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Surveying Technology of the Future

Technology keeps changing and advancing over the years. Queensland surveyors need to keep up to date on the latest technology for accurate work.

In the future, there will be more advances in surveying technology. 

Before Technology

Before the mid-1970s, there was not much electronic technology involved in most surveying tasks and operations.

Professional surveyors were mostly thought of as map makers, boundary experts, and creators of topographic data with most high-tech mapping being done by government geodesists. 

A lot of surveyors who were educated in their craft before the age of electronics would train as they worked or would earn a degree in engineering via a program that might have provided a curriculum that was limited in the surveying arena.

Outdoorsy types of people were usually the kinds of people who chose to survey as a career as the job required one to be able to withstand extreme weather temperatures and to be able to navigate rough terrain sometimes. 

Technology of the Future

3D laser scanners can produce 3D models and other maps via laser scanning. The technology has been called high-definition surveying, 3D laser imaging, 3D laser surveying, and 3D laser scanning.

While it is new these days, it will be used more commonly in the future. It is great for monitoring the progress of construction, surveying areas that are difficult to reach, and for historical preservation. 

Unmanned aerial vehicles and drones are breaking through as some of the latest technologies for surveying.

Drones have been out on the market for a bit, but in the surveying profession, they have not been used extensively yet.

They will soon be used on a more regular basis in the near future. 

Drone technology is becoming less expensive. The batteries, made of lithium polymer, are more lightweight now and practical.

The digital cameras are also more lightweight, with the aerial photography improving for close-range shots. This is all very exciting in the surveying profession for Queensland surveyors. 

Drone surveying can get into areas that human surveyors would not dare to go into.

Some surveying spots have unsafe areas to walk on that are not easy to access.

Unmanned aerial vehicles are ideal for sites such as hazardous waste sites and landfills.

It is becoming cheaper to purchase these technologies, which starts making it more competitive to use. Technology is growing so quickly.

The future looks bright for survey companies to be able to survey with these new tools. 

For More Information

We at Lambert Locations are Queensland surveyors with many years of experience who are always keeping up to date on the latest technologies used.

You can visit our website at https://www.lambertlocations.com.au to find out more about how we can help you with your surveying needs. 

How Drones Have Changed Surveying as We Know It

Drone surveying in Queensland is growing as we speak. Drones are being used more and more in surveying.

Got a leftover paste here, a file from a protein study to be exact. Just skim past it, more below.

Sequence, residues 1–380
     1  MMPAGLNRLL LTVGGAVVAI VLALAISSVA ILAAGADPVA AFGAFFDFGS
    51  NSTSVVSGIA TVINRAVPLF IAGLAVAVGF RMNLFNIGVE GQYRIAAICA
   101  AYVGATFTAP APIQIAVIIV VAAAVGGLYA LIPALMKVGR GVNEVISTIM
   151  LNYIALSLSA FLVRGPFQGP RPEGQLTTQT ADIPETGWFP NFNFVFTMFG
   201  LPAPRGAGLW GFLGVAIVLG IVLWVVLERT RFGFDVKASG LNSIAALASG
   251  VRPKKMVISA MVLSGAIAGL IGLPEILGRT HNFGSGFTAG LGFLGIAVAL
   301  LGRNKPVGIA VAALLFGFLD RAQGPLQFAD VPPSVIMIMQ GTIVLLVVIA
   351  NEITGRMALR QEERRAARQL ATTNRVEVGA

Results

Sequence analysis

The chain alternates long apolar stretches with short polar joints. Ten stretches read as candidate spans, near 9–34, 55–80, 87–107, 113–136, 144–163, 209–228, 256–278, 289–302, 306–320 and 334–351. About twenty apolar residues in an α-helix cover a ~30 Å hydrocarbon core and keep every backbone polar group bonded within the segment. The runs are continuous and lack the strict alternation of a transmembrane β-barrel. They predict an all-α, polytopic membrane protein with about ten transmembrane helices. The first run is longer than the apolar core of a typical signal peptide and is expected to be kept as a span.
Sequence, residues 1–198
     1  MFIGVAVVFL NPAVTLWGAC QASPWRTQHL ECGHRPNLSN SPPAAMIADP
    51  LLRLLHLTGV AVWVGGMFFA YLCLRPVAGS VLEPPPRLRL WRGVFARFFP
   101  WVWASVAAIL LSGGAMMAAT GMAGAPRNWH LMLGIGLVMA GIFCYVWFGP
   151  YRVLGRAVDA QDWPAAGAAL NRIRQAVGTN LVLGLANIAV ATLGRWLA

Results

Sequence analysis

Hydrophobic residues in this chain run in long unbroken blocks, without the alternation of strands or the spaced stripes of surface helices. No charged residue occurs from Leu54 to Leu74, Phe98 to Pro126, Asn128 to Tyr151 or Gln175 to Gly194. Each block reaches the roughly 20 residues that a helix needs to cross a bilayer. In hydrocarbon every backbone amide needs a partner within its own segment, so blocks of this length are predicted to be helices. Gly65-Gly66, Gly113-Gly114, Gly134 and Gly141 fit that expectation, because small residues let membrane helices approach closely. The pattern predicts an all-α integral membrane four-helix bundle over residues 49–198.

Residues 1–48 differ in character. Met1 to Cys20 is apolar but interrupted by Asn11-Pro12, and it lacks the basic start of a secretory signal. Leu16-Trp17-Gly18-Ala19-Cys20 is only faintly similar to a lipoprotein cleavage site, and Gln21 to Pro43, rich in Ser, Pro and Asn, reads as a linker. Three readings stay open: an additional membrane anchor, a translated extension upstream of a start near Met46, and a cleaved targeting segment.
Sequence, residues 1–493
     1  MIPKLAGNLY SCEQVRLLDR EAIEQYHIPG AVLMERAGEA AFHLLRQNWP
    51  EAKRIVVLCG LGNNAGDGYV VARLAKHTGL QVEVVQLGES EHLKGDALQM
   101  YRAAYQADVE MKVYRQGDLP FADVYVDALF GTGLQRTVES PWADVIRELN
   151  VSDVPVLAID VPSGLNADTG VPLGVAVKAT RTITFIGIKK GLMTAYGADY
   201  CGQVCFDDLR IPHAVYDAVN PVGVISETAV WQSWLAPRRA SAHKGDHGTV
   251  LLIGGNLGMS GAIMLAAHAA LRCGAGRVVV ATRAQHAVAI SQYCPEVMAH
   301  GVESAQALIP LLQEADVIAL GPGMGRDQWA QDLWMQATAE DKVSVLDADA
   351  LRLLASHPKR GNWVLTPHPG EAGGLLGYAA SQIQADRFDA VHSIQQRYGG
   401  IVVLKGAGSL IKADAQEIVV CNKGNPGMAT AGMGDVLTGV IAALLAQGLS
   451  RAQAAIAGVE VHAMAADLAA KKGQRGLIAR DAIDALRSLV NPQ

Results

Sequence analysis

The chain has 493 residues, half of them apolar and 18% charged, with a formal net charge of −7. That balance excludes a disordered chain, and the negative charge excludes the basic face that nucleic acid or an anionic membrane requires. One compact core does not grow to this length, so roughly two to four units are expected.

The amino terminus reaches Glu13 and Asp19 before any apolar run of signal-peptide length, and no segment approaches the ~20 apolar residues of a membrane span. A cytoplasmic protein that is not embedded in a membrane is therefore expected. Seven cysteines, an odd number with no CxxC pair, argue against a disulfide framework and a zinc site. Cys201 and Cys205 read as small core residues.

When you need to locate underground assets, drones are the new efficient way to do so.

They will be the future of surveying in Australia and around the world. 

Before Drones

Before we had drones for surveying work, surveyors would use phone cameras or regular cameras to photograph construction sites. If sites were too dangerous for surveyors, it could make things complicated.

Surveying before drones was difficult for many projects. 

Why Drones?

Unmanned aerial vehicles and drones are breaking through as some of the latest technologies for surveying.

Drones have been out on the market for a bit, but in the surveying profession, they have not been used extensively yet.

They will soon be used on a more regular basis in the near future. 

Drone technology is becoming less expensive. The batteries, made of lithium polymer, are more lightweight now and practical.

The digital cameras are also more lightweight, with the aerial photography improving for close-range shots.

Complete maps can be created, and the total site can be captured rather just pictures from certain angles.

This is all very exciting for Queensland drone surveying. 

Drones can get into areas that human surveyors would not dare to go into.

Some surveying spots have unsafe areas to walk on that are not easy to access.

Unmanned aerial vehicles are ideal for sites such as hazardous waste sites and landfills. 

It is becoming cheaper to purchase these technologies, which starts making it more competitive to use.

Also, many financial groups will want proof that a project is progressing.

You can provide them with a high-resolution picture of the whole job site.

Even little water valves poking out of the ground can be seen up-close in full detail.

Banks and other financial institutions want to keep an eye on how construction projects are progressing to continue with financial backing. 

Protection from Liability

It’s important to be able to show pre-existing conditions for many projects.

A drone can do that, creating a map. After the project is finished, you can compare the future work done against the map with pre-existing conditions.

Pre-construction images could help later on if a gas line was hit during construction by showing if it was an error of the utility locator or the construction company. 

For More Information

Technology is growing so quickly. The future looks bright for Queensland drone surveying companies to be able to survey with this new drone technology.

We at Lambert Locations have professionals on hand who are educated in the latest drone technology for surveying.

You can visit our website at https://www.lambertlocations.com.au for more information on how we can help you with your surveying needs.